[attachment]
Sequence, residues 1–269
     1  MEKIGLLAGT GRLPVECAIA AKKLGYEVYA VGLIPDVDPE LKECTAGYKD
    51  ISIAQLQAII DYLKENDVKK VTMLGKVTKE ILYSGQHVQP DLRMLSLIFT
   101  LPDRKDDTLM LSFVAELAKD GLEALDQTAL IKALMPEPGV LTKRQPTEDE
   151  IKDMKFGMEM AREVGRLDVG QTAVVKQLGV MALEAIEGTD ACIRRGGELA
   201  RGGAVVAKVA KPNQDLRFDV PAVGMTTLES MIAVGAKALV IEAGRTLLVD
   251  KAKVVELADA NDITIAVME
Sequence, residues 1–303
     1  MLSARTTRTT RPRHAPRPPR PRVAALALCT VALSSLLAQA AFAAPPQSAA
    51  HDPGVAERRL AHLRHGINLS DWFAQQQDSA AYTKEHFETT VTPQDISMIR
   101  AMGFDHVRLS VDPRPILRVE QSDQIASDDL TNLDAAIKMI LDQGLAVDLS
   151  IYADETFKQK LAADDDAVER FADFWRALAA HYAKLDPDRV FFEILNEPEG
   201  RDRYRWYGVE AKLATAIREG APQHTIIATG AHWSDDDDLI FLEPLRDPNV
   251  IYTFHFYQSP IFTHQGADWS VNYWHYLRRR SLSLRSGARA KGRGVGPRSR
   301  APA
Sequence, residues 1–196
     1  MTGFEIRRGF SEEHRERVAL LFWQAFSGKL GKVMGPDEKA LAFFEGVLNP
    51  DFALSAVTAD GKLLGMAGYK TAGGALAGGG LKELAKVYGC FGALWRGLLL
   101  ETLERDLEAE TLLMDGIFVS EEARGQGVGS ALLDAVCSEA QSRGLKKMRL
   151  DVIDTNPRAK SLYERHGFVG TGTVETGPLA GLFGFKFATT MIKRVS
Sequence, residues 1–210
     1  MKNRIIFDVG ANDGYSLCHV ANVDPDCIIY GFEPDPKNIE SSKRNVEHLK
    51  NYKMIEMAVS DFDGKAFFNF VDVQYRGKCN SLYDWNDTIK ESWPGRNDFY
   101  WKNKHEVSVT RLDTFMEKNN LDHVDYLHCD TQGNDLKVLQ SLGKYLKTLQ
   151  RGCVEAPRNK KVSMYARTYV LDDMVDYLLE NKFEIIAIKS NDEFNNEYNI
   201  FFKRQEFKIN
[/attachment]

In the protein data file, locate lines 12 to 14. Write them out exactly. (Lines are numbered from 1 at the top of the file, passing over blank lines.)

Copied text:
   151  IYADETFKQK LAADDDAVER FADFWRALAA HYAKLDPDRV FFEILNEPEG
   201  RDRYRWYGVE AKLATAIREG APQHTIIATG AHWSDDDDLI FLEPLRDPNV
   251  IYTFHFYQSP IFTHQGADWS VNYWHYLRRR SLSLRSGARA KGRGVGPRSR